Trotsky: Talk Shifting to “Global Synchronized Slowdown”
Pension Fund Among Those Assessing Coronavirus Risks
2/26/20 2:19 PM
STATE HOUSE, BOSTON, FEB. 26, 2020.....The $79 billion state pension fund posted investment returns of 16.5 percent last year, more than doubling the target return set by the Legislature, but the gains seemed a distant part of the story at the Pension Reserves Investment Management (PRIM) Board meeting Wednesday morning.
Just two weeks ago, the board's investment committee members were reflecting on positive market sentiments and skeptically discussing a pair of headlines - "Synchronized Global Expansion" and "The End of the Boom-Bust Cycle as We Know It," according to fund executive director Michael Trotsky.
Committee members, Trotsky recalled, mentioned the possibility of shocks to the markets, including one from the spreading COVID-19, an infectious disease caused by the most recently discovered coronavirus.
"As we sit here today, I am amazed at how quickly market sentiment can change, and how quickly the confidence of market participants can change -- and I've been doing this for nearly 30 years," Trotsky said, according to his prepared remarks. "Today the fear is about a global synchronized slowdown, whereas two weeks ago it was the exact opposite."
There have been tens of thousands of cases reported of the COVID-19 coronavirus, which can cause anything from mild illness to death and for which there is currently no vaccine. The virus has been steadily advancing into new countries around the globe after first appearing in China.
In its situation report Tuesday, the World Health Organization said Afghanistan, Bahrain, Iraq and Oman had reported coronavirus cases in the last 24 hours and counted more than 80,000 confirmed cases globally, with 2,666 deaths in China and 34 deaths outside of China. The WHO report cited 53 confirmed cases in the United States, all of which were connected to people likely exposed to the virus while outside the United States.
"In addition to the great human tragedy it is causing, the virus will at least have a temporary negative impact on global economic growth, but right now there is no way to determine when it will be contained, how much slowdown it will cause, and if economies will be able to withstand the shock," Trotsky said.
PRIM is invested in Moderna, a Cambridge company that has developed an experimental coronavirus vaccine, through the venture capital firm Flagship Venture Partners, the largest stakeholder in Moderna, which has a manufacturing plant in Norwood.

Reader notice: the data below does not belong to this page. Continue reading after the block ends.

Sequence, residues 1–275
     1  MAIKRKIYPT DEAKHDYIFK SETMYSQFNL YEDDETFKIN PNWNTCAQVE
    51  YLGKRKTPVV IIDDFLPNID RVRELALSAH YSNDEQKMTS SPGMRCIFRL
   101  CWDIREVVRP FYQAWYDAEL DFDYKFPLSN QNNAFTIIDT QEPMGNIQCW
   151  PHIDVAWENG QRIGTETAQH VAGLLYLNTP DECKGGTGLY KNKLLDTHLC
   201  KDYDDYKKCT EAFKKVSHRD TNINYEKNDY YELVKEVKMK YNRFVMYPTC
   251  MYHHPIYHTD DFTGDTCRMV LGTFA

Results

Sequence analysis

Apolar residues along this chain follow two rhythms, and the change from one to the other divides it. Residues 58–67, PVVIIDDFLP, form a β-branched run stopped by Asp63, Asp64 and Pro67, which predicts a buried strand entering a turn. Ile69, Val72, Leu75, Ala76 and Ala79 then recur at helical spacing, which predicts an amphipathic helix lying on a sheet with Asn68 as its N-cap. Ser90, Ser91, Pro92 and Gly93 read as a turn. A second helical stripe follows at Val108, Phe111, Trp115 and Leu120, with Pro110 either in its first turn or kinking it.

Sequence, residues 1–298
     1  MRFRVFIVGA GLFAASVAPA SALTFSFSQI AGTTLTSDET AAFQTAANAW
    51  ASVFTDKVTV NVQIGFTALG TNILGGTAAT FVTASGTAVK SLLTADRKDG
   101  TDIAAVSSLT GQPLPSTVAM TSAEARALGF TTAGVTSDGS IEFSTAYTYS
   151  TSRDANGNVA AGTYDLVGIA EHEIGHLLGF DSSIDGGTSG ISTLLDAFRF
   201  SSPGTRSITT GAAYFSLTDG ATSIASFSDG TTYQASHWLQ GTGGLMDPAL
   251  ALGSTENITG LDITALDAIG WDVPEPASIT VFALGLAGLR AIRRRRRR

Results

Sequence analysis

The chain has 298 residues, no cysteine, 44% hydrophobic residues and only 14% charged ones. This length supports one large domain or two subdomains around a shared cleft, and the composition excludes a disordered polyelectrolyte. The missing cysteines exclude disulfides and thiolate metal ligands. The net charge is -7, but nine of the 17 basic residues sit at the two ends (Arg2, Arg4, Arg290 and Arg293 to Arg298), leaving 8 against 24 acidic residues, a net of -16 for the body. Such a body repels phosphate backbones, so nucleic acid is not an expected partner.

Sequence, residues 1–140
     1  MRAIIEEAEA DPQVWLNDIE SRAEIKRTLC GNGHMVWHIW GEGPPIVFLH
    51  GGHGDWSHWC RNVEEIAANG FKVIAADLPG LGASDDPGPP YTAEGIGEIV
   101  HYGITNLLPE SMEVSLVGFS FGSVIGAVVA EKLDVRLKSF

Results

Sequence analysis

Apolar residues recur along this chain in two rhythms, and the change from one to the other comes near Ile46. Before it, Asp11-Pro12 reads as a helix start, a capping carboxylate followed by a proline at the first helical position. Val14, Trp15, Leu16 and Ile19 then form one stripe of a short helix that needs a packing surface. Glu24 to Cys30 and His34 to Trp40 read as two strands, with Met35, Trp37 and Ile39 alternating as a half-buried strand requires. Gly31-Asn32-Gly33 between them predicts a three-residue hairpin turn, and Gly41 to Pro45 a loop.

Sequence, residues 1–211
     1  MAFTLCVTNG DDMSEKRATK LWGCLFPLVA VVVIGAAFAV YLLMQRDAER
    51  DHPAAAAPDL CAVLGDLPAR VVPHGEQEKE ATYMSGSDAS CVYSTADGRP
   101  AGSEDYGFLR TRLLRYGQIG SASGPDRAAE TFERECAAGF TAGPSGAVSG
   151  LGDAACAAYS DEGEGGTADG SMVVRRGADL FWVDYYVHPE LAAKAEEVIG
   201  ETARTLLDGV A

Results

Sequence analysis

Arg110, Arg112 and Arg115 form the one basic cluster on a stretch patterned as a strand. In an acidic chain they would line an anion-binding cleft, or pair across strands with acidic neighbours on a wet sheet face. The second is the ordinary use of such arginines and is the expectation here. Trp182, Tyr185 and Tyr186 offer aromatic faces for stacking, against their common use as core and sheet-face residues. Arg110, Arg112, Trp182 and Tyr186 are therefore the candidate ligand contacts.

The S&P 500 was down 1.2 percent last week before declining 3.3 percent on Monday and another 3 percent on Tuesday, said Trotsky. Markets rose Wednesday, before more selloffs.
While "extreme volatility has returned," Trotsky said, the state pension fund has performed well over the years in both up and down markets.
The fund's 10-year rate of return is 9 percent, compared to the actuarial target set by the Legislature of 7.25 percent. Gains in 2019 were second only to 2017, when the fund posted a 17.7 percent return. The gains last year added $11.1 billion to the fund's total value.
A fund spokesman said he expects first-quarter investment return results will be available when the board meets in May.
"Calm the Fear"
President Donald Trump and U.S. Centers for Disease Control and Prevention officials plan a 6 p.m. coronavirus briefing Wednesday.
"I think it's going to work out fine," Trump said Tuesday during a visit to India. "I hope so." The president added, "I think that whole situation will start working out. A lot of talent, a lot of brainpower is being put behind it. Two and a half billion dollars we're putting in."
Public health officials in the U.S. have characterized the immediate risk as low, but are preparing to deal with "community transmission" of coronavirus, from person to person, as the virus spreads into new countries.
Massachusetts public health officials on Feb. 1 announced the state's first, and so far, only reported coronavirus case, a Boston man who had recently traveled to Wuhan, China, where the outbreak got started.
Rep. Jon Santiago, an emergency room doctor at Boston Medical Center, also serves on the Legislature's Public Health Committee. During an appearance Tuesday on WGBH'S "Greater Boston," Santiago said he worked three nights in a row this week in the ER and diagnosed the traditional flu a "whole host of times."
"To me. that's probably what I would be more concerned about than the coronavirus," Santiago said of the flu.
He added, "I look at the role of every elected official as to calm the fear that's there. Right now there's a bit of hysteria there."
Dr. Erica Shenoy, associate chief of the infection control unit at Massachusetts General Hospital, appeared with Santiago on the program and said "for the individual person on the street, right now, the flu is much more of the risk" than coronavirus.
However, she said preparations are necessary "for a time in which we will have many more people infected," adding that 80 to 90 percent of those people will have mild to moderate disease with another segment requiring hospitalization, including in intensive care units.
"What differs from the flu and I think what makes us worried is that we don't know everything about this virus -- we know a lot about the flu -- and we don't have treatments or a vaccine," Shenoy said.
"Hospitals are certainly working to prepare for this," Shenoy added.
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